Just kidding. But seriously.

Handling your mother-in-law (MIL) during the planning process can be a tricky thing, and like most tricky things, you need some tools for the job. As simple as they seem, the five suggestions listed below can be very helpful tools for you to use as you navigate your relationship with your new MIL--as well as other relationships close to you. 

PC theodyssyonline.com

PC theodyssyonline.com

1) Stand firm.

Just like you know you're not going to take all of the advice and every suggestion you receive from friends and family during your engagement, be willing to stand up for your own opinion when your MIL tries to convince you that orange, blue, and white are much better wedding colors than your purple, green and grey. Keep in mind that by remaining enthusiastic about your own ideas, rather than hesitant to tell her and everyone else that you don't like their ideas, you're much less likely to deal with conflict.

PC bostonvoyager.com

PC bostonvoyager.com

2) Communicate.

Is your MIL hurting your feelings by pushing too hard? Do you think you've accidentally offended her by shooting down her ideas? These are things that should be communicated in a mature conversation that can start something like this, "MIL, do you think we could sit down and talk about some things involving our relationship? I want to include you in my wedding planning, but I think we might have hurt each others' feelings, and I want to clear things up." Try hard to understand why she wants to be so involved in your wedding planning. Ask yourself: is she really acting this way because she's a control freak who wants to redo her own wedding vicariously through you? Is she trying to ruin your wedding because she's furious you're stealing her child from her? Maybe not. Maybe her desire to be involved stems from an emotional need to feel needed, helpful, loved, important, or included. Maybe she sees wedding planning as a chance to bond with you. Having a conversation about how she feels and how you feel is a good opportunity to be transparent and compassionate with one another in an effort to strengthen your relationship.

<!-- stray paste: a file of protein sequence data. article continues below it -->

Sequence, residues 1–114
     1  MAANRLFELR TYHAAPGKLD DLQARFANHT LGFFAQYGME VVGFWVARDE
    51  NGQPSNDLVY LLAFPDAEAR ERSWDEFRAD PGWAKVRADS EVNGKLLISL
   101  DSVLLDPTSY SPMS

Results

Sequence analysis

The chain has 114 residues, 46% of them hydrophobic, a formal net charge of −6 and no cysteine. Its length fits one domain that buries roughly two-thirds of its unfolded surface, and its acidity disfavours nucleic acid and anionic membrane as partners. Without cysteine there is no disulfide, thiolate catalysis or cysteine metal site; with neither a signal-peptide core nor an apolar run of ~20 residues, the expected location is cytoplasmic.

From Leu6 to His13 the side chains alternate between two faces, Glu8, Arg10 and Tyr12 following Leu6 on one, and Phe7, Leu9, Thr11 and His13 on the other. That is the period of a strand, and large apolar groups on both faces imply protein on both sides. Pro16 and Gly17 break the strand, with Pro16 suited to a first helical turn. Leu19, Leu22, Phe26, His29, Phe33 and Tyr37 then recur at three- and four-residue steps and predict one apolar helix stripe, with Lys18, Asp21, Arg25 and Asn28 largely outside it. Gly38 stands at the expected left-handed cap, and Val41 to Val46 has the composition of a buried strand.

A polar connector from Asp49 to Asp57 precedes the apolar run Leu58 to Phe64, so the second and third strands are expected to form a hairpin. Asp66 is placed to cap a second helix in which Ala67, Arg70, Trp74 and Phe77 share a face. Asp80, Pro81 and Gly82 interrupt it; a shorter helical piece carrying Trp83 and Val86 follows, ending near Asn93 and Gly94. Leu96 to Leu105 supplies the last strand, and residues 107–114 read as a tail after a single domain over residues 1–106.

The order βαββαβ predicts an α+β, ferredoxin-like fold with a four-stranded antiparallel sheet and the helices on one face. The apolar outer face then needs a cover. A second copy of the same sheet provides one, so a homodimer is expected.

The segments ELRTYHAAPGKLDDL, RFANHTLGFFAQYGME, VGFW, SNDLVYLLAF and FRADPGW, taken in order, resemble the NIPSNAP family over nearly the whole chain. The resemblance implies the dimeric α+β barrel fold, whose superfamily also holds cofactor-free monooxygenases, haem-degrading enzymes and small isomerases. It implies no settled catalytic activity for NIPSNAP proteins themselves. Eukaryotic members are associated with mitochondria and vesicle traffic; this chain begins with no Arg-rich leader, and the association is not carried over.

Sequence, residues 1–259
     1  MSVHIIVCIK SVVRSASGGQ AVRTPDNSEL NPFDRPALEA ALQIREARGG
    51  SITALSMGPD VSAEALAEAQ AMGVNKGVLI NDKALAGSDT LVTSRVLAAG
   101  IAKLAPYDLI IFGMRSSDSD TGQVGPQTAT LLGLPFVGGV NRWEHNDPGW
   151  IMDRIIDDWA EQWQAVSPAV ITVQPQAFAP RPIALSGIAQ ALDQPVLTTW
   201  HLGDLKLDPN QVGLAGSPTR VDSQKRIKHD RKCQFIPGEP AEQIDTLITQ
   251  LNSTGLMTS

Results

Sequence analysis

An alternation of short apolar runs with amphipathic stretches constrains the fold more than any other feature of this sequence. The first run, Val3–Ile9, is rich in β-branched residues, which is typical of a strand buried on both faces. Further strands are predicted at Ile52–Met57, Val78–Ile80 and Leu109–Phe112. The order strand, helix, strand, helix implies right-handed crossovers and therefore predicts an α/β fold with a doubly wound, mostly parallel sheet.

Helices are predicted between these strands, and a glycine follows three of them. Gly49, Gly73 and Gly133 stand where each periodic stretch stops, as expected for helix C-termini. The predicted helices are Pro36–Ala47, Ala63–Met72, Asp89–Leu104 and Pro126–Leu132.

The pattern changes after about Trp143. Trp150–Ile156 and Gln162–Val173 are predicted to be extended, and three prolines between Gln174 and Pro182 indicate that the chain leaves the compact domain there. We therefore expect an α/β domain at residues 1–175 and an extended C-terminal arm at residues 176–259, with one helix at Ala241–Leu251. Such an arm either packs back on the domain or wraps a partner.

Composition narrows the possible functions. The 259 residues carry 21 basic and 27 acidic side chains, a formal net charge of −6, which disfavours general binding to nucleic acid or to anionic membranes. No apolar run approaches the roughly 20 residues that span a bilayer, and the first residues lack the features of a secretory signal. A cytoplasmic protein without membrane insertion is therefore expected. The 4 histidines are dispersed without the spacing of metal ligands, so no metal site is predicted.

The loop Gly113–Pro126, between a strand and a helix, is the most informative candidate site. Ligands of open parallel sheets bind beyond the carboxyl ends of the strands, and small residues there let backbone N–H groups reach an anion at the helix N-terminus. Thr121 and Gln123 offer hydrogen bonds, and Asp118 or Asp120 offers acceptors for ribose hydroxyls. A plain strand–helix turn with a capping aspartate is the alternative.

PC theknot.com

PC theknot.com

3) Keep her involved.

This doesn't mean she gets to choose your dress and the reception decor...just keep her busy. Give her things to put together--DIY favors, invitations, photo-booth props...anything you've already designed and simply need done can be handed to her to execute, giving her the feeling that she's involved and needed, without giving her too much control. 

PC keepcalm-o-matic.co.uk

PC keepcalm-o-matic.co.uk

4) Compromise.

When wedding planning, it's important to see the bigger picture: your relationship with your MIL is going to exist after the wedding. Preferably not in shambles. With this in mind, it's worth mentioning that some sacrifices may need to be made for the betterment of your family relationships. Sometimes, even after having conversations about how you feel, you and your MIL will not see eye-to-eye; to ensure that minimal resentment exists post-wedding, it might be necessary to let her make some decisions.

PC advancedcounseling.info

PC advancedcounseling.info

5) Seek counseling.

Of course, bringing a family counselor in is a risky business, depending on family dynamics and skeletons-in-the-closet. It's certainly something to ask permission of involved family members before taking action toward it, and finding a professional neutral third-party is key. It has the potential to go both ways, though. Sometimes family counseling in the midst of wedding-planning is a good idea, and can improve relationships and communication. Sometimes, however, it can be seen as an offensive rout, so be considerate and wary if you pursue this. 

Do you have a recommendation on how to handle MIL's? Leave it in the comments down below!